The international disaster-relief organization Doctors without Borders (MSF) is a dynamic geopolitical actor. Using a systematic literature review of academic journal articles and first person accounts by doctors from the field, the geopolitical role of MSF was analyzed. This search returned a wide range of articles many of which referenced the term “humanitarian space”. MSF utilizes humanitarian space to accomplish their medical work and witnessing actions in disaster areas. MSF’s geopolitical role stems from many of the central characteristics of the organization, but the process of creating humanitarian space engages them differently at both a global and a local level. Case studies of MSF’s work in Haiti and Rwanda reveal the interplay between global and local levels. Humanitarian space at the global level is a more imagined space. At this level, MSF relies on their practice of “témoignage” or testifying as their primary method for creating this space. At the local level, MSF focuses on their humanitarian patient-care to earn themselves space uninhibited by other power-wielding groups. These two levels work as a see-saw so that when the humanitarian space occupied by MSF is threatened at one level they can lean on their space at other in order to continue providing the best services possible. During the Rwandan genocide, MSF’s on the ground was work was limited to a single hospital in a single city and to compensate, they worked hard at the global level to bring attention to the violent situation in the country. This balance switched in the aftermath of the Haiti earthquake of 2010 during which massive space for humanitarian action on the ground, made advocating at a local level unnecessary. Analysis of MSF from a political geography perspective opens up new avenues of examining the many interdisciplinary characteristics of an organization as wide-reaching as Doctors without Borders.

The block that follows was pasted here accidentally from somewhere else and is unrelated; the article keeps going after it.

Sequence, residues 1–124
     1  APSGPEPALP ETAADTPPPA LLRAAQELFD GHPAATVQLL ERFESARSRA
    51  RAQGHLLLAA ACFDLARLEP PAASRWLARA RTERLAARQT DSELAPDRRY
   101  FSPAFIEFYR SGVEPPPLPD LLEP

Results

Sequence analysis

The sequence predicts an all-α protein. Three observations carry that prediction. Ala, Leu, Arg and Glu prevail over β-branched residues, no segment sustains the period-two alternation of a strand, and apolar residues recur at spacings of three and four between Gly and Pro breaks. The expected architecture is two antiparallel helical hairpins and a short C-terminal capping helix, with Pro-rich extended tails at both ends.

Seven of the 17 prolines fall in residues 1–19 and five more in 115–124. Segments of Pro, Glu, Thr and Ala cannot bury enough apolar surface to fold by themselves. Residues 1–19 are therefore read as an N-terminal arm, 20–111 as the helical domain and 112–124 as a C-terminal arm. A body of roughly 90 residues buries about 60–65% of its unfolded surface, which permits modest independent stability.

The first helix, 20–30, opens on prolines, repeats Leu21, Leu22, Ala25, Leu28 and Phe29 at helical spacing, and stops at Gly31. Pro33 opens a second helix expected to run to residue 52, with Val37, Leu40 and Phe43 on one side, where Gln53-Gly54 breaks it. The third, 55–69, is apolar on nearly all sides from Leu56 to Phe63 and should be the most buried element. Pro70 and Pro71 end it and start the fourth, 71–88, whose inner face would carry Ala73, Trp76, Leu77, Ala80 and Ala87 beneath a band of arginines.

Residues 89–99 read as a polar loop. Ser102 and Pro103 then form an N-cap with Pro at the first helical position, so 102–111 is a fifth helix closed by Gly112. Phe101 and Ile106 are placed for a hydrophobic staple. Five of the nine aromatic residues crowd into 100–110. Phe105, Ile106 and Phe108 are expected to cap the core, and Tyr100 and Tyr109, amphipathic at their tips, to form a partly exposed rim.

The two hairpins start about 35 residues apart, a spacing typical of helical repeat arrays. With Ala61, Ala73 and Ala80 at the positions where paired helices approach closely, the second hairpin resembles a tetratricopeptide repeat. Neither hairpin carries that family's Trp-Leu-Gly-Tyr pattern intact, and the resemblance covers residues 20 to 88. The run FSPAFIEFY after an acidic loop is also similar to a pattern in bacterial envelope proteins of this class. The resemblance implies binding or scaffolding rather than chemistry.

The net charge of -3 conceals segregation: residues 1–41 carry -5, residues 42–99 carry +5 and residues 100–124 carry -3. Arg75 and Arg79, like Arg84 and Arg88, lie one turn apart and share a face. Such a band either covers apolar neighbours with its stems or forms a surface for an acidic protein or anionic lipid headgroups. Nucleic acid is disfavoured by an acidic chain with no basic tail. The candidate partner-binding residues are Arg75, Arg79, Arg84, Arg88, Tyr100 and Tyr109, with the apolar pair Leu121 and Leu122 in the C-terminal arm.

- Doctors without Borders and Humanitarian Space: how MSF impacts the geography and politics around them
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